DERA ISMAIL KHAN, Pakistan (Reuters) - Pakistan militants who have pledged allegiance to Islamic State said on Sunday they had attacked a paramilitary checkpoint along the Afghan border, in the first such assault claimed by a former faction of the Taliban in several months.

A militant affiliated with the faction told Reuters the group attacked Damadola district of the Bajaur tribal area in Pakistan's northwest, where the military has been battling a militant insurgency since 2007, late on Saturday.

"Our men destroyed the post, set it on fire and left it after our operation was complete," he said by telephone.

Two Pakistani intelligence officials confirmed a checkpoint had been attacked, but there were no casualties.

The Pakistani government says that Islamic State, a group founded in Syria and Iraq in 2013, does not have a credible presence in the country. Several smaller militant groups and factions of the Pakistani Taliban have, however, pledged allegiance to Islamic State and its leader Abu Bakr al-Baghdadi since last year.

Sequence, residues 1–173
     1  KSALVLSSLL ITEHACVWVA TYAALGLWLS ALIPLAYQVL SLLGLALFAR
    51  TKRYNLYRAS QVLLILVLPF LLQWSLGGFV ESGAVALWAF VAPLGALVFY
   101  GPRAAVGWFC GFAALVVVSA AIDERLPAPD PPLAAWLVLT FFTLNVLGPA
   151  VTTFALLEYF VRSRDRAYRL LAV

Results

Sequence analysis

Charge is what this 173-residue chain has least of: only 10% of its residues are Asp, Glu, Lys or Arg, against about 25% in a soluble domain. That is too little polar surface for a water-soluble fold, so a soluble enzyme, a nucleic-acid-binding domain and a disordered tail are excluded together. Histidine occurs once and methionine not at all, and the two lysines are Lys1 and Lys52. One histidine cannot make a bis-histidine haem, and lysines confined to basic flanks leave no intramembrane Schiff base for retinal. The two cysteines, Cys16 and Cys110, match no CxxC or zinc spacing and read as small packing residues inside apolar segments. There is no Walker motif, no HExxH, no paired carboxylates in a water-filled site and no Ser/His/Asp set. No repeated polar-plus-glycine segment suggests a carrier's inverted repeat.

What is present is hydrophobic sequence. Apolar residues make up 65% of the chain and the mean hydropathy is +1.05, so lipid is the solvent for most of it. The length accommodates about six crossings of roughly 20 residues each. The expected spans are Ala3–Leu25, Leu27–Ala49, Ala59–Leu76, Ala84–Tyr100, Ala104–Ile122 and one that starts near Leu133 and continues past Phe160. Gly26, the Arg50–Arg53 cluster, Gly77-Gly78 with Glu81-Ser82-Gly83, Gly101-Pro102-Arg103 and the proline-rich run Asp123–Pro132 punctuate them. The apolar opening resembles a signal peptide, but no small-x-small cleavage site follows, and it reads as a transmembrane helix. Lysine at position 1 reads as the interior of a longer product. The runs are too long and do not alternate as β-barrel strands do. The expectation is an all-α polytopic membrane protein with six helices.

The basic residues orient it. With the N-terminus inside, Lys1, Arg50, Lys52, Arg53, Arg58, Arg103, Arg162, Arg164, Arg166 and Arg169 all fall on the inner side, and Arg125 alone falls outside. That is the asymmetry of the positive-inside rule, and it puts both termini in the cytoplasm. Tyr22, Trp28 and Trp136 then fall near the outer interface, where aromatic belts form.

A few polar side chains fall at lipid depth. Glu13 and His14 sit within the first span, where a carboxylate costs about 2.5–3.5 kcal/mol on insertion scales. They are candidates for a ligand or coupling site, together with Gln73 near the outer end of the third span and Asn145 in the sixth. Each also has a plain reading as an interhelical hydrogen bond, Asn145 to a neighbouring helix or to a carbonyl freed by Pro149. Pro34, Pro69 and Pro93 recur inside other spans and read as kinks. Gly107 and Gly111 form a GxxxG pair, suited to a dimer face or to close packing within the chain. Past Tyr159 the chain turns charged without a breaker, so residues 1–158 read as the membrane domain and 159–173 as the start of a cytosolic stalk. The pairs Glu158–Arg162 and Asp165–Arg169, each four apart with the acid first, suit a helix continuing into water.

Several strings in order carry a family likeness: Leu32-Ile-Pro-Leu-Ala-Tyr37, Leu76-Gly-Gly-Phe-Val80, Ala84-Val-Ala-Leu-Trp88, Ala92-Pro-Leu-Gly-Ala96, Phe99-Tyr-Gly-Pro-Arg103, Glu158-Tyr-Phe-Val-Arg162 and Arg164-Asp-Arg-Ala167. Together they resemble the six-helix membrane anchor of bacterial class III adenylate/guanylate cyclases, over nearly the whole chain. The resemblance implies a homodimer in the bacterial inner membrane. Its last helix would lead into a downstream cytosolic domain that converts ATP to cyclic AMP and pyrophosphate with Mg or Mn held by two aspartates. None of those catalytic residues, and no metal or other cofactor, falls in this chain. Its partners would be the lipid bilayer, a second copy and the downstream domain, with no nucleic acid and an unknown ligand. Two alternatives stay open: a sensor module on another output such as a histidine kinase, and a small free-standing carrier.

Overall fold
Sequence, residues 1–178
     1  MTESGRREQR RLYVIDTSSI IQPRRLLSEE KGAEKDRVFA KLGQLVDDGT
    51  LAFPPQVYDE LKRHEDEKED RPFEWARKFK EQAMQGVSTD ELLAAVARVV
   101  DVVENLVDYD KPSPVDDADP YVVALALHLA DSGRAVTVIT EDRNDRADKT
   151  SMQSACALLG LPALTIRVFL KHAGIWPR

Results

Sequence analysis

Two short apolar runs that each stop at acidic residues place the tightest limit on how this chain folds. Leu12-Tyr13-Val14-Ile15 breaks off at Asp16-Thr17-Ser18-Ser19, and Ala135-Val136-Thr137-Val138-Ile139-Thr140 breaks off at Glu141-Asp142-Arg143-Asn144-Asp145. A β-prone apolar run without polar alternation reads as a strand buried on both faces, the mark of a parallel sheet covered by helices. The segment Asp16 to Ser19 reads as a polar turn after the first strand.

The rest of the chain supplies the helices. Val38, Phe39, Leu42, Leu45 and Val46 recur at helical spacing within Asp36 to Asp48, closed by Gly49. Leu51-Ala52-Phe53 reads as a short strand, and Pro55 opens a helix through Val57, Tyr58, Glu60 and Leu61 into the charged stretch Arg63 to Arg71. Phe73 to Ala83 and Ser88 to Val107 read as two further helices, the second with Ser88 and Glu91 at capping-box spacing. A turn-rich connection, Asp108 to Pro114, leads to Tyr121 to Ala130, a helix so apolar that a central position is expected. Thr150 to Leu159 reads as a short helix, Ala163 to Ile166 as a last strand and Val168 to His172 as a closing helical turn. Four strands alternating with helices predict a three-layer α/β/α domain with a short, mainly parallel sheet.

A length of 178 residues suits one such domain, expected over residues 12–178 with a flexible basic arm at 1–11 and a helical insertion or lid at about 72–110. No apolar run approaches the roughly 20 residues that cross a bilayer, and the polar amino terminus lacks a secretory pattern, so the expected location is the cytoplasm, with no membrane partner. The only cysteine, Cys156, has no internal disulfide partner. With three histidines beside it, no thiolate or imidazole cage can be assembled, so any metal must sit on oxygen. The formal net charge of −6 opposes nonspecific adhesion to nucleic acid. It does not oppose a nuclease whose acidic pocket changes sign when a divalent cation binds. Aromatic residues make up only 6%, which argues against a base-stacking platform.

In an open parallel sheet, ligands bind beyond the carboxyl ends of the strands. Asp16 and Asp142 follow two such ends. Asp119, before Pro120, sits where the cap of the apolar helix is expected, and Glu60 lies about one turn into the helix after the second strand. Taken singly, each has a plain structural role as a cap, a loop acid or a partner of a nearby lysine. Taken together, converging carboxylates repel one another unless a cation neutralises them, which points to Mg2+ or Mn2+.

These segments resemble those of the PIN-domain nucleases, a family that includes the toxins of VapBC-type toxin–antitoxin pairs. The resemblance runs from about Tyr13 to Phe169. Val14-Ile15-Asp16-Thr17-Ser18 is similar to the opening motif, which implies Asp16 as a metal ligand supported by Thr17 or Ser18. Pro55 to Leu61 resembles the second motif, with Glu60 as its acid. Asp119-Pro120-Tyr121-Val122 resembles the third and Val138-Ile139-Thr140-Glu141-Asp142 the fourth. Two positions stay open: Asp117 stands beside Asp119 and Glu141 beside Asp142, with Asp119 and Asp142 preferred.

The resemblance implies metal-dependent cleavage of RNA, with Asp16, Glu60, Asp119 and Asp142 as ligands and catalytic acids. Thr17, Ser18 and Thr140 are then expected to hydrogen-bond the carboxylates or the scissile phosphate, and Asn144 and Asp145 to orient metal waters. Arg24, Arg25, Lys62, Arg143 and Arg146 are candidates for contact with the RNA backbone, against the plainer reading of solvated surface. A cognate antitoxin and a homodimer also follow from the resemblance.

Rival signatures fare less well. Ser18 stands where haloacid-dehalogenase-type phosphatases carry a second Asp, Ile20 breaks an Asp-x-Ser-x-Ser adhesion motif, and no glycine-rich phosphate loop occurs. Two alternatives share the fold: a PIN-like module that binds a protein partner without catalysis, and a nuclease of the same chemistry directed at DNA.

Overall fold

So far, Islamic State has not formally accepted any of those pledges, nor has its central leadership claimed responsibility for any attacks carried out in Pakistan.

On Sunday, at least 12 militants were killed after military jets bombed the Mana area of Shawal Valley in northwest Pakistan, two security officials said. The deeply forested valley is a key Taliban stronghold and a main smuggling route into Afghanistan.

The Shawal Valley is still dotted with Taliban bases and foreign fighters more than a year after the military announced an offensive to clear the Taliban from the North Waziristan region along the Afghan border.

A drone strike across the border also killed four members of the Afghan Taliban on Sunday morning, said Taliban fighters.

(Additional reporting by Haji Mujtaba in Bannu and Jibran Ahmad in Peshawar; Writing by Asad Hashim; Editing by Miral Fahmy)